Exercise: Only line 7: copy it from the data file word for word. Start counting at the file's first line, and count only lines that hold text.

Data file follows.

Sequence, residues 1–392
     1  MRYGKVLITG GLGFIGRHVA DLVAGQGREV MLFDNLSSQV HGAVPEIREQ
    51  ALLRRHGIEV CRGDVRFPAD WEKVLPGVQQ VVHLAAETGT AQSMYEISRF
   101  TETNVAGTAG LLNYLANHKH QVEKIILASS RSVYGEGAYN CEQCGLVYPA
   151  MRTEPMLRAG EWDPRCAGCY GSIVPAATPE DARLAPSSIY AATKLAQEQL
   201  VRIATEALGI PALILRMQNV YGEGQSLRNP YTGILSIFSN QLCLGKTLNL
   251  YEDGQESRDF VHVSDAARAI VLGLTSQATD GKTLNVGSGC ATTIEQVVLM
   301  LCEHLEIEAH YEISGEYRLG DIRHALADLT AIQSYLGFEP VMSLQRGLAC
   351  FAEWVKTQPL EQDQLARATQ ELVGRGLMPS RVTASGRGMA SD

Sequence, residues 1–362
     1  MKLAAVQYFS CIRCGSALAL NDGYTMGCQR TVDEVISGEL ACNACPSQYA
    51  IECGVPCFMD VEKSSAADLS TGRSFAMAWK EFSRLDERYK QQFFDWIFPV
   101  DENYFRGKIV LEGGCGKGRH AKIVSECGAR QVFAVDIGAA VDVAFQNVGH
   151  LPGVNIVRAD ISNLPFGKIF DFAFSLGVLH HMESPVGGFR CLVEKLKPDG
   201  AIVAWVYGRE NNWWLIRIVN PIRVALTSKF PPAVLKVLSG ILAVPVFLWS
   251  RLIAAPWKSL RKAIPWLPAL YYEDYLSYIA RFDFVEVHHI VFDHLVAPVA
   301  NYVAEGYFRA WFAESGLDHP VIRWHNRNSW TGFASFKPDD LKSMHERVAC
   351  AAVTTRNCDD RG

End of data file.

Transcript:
   251  YEDGQESRDF VHVSDAARAI VLGLTSQATD GKTLNVGSGC ATTIEQVVLM